Attention loyal Cincinistas, it’s time once again for your humble columnist to pick up the virtual megaphone and sound the clarion call to action. Well, perhaps not action per se, but there certainly has been a lot of buzz-generating activity and ceremonial dirt-tossing in our fair downtown the past several weeks. The Soapdish was able to observe quite a bit of that positive buzz first-hand, beginning at City Hall with an update on the 1 billion dollar archeological dig on the riverfront currently known as the Banks. As the final remains of Riverfront Stadium’s concrete dugout are extracted from the earth, representatives from the Banks development group gave an update to the assembled council-members on what will be known as the first phase between the Freedom Center and Great American Ballpark. Actually, it’s more like a lot of micromanaging sub-phases (“Phase 1-A, 1-B etc.”). All of this was certainly quite exciting, in concept at least, with Phase 1-A involving 300 apartments and up to 110,000 square feet of retail, 1-B being 300,000 square feet of office space and 1-C consisting of condo/town homes and a possible hotel. The most exciting aspect here was the prospect for a 25,000 square foot grocery store occupying a portion of the retail component. Rumors of a new, high concept-Kroger store on the Banks have been circulating for quite some time, however developers were clear that no deal has been signed and discussions with potential tenants are “ongoing.” As for the two restaurant spaces to the south of the Freedom Center, the developers are, once again, “in discussions” with restaurateurs on those prime sites. There was also a presentation about the riverfront park, which has a tentative groundbreaking (again for the $32 million portion known as Phase 1) slated for September 29 just east of the Roebling. Here’s hoping that goes well, as superintendent of parks Steve Schuckman, in a moment of comic relief during the presentation, was like a real-life Mr. Magoo with the laser pointer, seemingly unable to locate the site on the plans. In any event, perhaps he was feeling the pressure, as the City Council presentation was a bit rushed, with everyone chomping at the bit to scamper across downtown to the silver-plated shovel exhibition known as the Queen City Square groundbreaking.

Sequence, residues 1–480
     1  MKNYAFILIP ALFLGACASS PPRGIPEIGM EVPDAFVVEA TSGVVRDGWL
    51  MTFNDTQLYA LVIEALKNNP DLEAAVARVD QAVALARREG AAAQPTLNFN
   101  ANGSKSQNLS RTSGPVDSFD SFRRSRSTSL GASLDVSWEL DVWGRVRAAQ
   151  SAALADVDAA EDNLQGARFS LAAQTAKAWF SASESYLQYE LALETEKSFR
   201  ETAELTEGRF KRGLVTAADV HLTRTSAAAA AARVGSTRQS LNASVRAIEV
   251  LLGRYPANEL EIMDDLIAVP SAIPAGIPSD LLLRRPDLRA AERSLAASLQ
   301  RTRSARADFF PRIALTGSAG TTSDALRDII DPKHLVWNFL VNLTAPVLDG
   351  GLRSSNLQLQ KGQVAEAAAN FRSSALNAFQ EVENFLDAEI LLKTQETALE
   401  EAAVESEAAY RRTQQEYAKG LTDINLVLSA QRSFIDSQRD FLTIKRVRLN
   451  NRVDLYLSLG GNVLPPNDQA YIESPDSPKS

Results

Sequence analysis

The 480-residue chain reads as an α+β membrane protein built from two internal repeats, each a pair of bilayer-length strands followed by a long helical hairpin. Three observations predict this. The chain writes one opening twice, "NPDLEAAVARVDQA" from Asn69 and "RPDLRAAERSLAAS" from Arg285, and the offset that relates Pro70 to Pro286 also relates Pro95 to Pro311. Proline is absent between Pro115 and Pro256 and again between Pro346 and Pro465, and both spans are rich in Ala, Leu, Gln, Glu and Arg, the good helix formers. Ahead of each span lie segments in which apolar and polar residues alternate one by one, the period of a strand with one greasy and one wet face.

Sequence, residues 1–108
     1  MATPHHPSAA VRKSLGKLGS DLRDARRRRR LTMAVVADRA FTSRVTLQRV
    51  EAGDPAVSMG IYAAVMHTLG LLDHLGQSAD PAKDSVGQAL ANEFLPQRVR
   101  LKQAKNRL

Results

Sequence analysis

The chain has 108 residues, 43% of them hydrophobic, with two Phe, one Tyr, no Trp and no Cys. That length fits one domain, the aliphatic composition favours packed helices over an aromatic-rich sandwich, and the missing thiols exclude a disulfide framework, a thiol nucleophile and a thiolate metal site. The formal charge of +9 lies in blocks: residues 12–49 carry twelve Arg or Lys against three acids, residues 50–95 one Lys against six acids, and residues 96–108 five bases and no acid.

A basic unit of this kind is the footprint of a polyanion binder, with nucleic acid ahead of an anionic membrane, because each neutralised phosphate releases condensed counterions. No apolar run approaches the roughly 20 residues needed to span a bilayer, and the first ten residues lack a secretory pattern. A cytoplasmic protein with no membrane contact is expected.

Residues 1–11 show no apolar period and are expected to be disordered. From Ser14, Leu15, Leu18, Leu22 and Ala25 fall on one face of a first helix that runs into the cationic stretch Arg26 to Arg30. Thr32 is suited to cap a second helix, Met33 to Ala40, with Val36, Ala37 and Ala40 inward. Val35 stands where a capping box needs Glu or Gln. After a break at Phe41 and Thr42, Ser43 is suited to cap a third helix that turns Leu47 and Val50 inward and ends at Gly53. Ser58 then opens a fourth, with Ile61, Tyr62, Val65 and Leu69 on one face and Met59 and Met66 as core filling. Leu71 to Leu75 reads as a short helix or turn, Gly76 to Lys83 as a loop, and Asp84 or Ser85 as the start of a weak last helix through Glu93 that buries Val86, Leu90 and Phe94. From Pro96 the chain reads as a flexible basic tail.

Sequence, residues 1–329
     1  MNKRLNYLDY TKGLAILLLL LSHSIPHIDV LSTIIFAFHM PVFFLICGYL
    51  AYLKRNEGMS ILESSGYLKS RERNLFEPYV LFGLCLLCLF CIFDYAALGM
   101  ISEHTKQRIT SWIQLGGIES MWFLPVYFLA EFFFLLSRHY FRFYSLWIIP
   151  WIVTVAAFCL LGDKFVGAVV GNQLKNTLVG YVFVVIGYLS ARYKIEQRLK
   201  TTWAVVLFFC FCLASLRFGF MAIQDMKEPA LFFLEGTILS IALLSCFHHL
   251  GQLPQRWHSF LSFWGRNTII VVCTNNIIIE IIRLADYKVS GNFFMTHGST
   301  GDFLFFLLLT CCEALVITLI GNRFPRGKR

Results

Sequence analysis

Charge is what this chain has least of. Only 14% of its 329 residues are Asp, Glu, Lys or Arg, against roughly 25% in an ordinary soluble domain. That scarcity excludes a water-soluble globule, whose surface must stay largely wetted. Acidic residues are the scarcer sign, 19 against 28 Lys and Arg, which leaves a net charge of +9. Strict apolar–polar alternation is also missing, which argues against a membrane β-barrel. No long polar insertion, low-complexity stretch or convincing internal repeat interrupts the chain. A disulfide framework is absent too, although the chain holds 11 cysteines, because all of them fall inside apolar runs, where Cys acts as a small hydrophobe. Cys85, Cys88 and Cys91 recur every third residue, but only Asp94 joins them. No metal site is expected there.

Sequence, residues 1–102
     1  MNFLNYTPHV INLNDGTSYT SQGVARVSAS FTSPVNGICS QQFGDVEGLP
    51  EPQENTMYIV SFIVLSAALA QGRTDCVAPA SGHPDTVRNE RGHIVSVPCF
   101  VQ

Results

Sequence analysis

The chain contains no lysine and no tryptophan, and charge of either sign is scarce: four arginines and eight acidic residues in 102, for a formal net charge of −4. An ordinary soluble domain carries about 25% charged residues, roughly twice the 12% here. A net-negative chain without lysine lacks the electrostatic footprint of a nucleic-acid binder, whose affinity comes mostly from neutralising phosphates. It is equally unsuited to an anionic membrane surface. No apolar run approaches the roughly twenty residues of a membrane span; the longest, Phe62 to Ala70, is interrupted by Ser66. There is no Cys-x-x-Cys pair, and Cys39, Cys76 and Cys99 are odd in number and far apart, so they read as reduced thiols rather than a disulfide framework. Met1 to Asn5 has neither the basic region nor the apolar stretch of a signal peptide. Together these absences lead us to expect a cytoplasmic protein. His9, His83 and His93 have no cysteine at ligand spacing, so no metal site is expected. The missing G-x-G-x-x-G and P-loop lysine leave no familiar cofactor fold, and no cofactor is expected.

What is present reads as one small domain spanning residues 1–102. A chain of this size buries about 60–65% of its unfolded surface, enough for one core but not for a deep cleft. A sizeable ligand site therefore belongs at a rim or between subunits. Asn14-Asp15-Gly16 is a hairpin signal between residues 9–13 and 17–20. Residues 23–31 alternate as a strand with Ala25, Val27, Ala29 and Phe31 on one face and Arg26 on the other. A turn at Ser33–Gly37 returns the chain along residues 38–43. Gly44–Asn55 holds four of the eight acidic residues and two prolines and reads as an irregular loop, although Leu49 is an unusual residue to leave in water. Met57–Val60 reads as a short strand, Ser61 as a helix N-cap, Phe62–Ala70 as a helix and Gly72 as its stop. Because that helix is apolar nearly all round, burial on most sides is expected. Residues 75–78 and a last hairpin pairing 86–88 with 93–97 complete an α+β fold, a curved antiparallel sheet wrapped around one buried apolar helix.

Over at the QCS site, the ceremonial tents were up and the caterers were at the ready, as the assembled dignitaries engaged in the requisite rhetoric and speechmaking before turning their spades loose on the carefully cultivated dirt mound presented before them. The tiara-topped 41 story skyscraper at the corner of 3rd and Sycamore will clearly have a transformative effect on the city’s skyline. Again, all very exciting news for the city (although the probable ramification of a glut of Class B office space coming on line as a result of QCS is a topic I’m pretty sure many in the audience would prefer to avoid), and the confluence of these two events made for palpable yet very tangible signs of progress in the re-energized urban core of downtown.
Unfortunately, this Kum-Ba-Yah double feature of positivity was followed up the next day by the unveiling of site designs for the Banks in front if the Urban Design Review Board. The reactions from most quarters were, to put it charitably, underwhelming at best in response to what appeared to be a somewhat antiseptic “lifestyle center” mode of design, leading some to conclude that the plans were somehow mixed up with Liberty Township’s new square. “Calhoun Street South,” was another characterization tossed around by local wags, drawing comparisons to the hulking red brick battleship which anchors UC’s southern edge on Calhoun Street. Suffice to say, these are not compliments. Now to be fair, these are merely preliminary drawings, and the details will obviously evolve over the next year as the plans come into sharper focus. That said, however, those who saw the original banks renderings (see below) can’t help but wistfully harken back in the face of this latest incarnation. Here’s hoping that the developers, in conjunction with the Urban Design Review Board, are able to craft an appropriate design aesthetic that thoughtfully echoes the wealth and breadth of Cincinnati’s historic architecture.
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